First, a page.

Much about bird migration remains a riddle, and the puzzle persists when, for example, landbirds undertake open-water crossings that require hour upon hour of sustained flight despite the availability of seemingly safer terrestrial routes or man-made structures on which to land. In the Gulf of Mexico, there are hundreds of active oil platforms and peregrines are known to use them, leap-frogging from one to next using them to rest, cool off or as place from which to capture prey.
Swordpress map and YouTube video showing rigs 1942-2005
Despite the presence and safety of the platforms, some birds crossing the Gulf of Mexico apparently ignore them. For example, after spending 3 days on the Louisiana Gulf coast, one of our birds (28 E) crossed the Gulf flying 540 miles in 11 hours. She spent that night on the Yucatan Peninsular, then once again made a non-stop flight of 430 miles in 12 hours crossing the Caribbean sea to Honduras where she remained relatively sedentary for the next 36 hours. Then ignoring Nicaragua, Costa Rica and Panama, she again traversed the Caribbean Sea making landfall in Colombia 650 miles and 28 non-stop-hours later.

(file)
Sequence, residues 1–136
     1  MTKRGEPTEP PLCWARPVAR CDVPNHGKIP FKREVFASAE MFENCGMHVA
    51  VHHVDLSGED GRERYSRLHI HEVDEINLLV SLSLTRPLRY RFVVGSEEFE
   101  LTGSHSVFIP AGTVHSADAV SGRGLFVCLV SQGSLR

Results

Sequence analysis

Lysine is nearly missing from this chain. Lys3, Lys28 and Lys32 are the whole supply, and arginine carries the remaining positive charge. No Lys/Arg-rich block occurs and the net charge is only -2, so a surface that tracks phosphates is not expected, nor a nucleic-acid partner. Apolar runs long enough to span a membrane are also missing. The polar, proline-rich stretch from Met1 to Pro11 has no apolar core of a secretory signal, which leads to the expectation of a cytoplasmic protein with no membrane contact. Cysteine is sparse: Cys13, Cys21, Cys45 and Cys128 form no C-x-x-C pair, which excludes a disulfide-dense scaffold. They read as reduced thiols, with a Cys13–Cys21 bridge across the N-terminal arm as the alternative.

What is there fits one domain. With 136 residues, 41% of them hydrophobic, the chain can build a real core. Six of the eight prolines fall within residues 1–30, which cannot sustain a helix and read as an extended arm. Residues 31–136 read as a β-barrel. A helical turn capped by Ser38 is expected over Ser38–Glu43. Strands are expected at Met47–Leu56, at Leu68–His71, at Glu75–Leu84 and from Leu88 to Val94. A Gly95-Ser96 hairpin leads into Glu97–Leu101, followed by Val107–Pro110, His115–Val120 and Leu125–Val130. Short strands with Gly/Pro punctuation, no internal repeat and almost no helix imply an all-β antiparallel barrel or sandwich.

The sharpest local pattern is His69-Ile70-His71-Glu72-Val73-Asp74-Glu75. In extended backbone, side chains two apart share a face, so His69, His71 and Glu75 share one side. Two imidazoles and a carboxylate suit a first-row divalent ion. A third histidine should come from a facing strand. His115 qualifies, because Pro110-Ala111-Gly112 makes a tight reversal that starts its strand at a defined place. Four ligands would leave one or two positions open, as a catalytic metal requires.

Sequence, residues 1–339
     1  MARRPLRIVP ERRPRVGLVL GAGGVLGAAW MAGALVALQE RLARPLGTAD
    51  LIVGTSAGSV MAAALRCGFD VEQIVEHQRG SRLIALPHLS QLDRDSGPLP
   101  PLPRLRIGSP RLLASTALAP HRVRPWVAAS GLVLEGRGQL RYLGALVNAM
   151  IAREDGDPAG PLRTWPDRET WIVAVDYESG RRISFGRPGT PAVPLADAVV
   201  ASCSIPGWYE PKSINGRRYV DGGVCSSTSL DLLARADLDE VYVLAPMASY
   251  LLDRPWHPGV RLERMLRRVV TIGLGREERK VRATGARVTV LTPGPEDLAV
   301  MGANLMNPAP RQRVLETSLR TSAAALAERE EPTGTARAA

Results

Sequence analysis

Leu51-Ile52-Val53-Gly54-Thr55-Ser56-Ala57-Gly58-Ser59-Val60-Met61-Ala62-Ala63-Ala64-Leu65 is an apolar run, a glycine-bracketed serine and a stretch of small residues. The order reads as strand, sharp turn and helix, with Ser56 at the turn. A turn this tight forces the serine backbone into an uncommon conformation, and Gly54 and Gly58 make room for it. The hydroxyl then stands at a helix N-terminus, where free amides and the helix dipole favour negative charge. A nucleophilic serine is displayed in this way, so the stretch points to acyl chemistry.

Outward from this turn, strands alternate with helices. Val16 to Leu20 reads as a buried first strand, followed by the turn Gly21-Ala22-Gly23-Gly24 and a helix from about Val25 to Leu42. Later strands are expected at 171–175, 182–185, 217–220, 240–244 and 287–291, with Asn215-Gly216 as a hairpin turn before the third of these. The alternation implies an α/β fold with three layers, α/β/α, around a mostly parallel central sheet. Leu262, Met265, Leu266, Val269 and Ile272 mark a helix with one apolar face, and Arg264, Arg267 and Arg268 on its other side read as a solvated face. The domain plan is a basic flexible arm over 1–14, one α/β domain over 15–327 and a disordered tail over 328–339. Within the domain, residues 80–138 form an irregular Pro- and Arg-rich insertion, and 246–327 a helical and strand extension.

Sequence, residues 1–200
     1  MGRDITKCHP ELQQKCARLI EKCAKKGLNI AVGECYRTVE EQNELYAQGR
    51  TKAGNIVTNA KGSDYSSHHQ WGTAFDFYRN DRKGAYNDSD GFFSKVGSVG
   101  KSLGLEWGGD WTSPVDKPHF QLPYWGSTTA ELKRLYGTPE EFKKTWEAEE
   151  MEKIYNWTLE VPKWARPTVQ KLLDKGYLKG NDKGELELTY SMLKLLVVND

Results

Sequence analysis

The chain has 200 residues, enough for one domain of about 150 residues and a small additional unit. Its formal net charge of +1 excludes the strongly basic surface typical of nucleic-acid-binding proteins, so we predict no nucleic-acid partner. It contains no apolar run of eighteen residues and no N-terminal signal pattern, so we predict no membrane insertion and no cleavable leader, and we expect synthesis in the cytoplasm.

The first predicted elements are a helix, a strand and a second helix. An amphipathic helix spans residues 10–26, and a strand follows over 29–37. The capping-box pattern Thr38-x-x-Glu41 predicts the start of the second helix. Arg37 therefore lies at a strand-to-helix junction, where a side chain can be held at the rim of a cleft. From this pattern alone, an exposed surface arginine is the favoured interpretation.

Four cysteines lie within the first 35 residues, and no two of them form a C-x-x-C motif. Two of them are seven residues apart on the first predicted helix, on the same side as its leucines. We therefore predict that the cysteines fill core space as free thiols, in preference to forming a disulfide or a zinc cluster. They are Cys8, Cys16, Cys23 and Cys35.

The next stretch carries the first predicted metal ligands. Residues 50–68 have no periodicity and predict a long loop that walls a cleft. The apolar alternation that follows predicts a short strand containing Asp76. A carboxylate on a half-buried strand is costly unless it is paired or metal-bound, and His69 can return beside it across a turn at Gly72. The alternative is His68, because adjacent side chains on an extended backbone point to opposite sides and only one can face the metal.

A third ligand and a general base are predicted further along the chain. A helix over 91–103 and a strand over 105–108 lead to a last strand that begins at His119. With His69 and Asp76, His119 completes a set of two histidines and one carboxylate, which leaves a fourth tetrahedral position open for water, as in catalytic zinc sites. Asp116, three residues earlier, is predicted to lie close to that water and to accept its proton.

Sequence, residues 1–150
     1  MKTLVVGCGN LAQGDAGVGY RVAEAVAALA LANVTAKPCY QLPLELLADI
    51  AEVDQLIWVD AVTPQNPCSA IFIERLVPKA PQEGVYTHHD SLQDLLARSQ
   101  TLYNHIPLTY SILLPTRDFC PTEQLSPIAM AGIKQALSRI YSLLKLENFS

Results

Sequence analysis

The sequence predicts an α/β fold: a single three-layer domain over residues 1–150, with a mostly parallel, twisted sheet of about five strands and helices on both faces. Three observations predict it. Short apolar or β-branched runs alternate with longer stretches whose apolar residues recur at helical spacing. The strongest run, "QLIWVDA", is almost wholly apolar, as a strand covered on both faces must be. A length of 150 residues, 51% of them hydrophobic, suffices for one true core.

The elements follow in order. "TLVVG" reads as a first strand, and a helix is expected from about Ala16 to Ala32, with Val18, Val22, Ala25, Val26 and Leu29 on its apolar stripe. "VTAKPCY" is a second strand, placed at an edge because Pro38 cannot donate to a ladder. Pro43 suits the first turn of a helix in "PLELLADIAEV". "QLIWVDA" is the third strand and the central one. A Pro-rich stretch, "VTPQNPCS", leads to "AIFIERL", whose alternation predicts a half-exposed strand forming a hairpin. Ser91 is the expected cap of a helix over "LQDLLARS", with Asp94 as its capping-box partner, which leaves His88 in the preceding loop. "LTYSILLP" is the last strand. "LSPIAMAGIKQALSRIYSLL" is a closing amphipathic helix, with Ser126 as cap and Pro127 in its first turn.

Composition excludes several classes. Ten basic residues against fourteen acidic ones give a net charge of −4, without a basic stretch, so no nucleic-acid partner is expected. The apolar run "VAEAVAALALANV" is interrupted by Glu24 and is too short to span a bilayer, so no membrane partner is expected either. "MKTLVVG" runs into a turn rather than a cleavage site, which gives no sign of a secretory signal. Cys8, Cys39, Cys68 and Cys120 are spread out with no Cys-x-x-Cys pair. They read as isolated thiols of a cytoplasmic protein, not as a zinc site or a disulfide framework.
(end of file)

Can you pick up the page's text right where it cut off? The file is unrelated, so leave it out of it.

Between October 19 and 24, she flew more than 1850 miles and crossed 1620 miles of open ocean in 51 hours of sustained flight.
|1850 miles and three open water crossings (totaling 1620 miles) in 5 days|
Fat reserves are critical to lowering the risks of migration in general and managing the risks of strategies like open water crossings in particular. Fat carries twice the energy compared to the same amount of protein or carbohydrate. So storing fuel as fat is smart - birds can reduce the weight they have to carry despite loading up on their on-board fuel. Smart too, because burning fat produces water - not enough to prevent dehydration, but enough to slow it down. For Arctic-nesting peregrines that lose body mass whilst raising broods of young, getting fat fast could make open-water crossing safer than it appears.
|28 E feeding her 3 nestlings|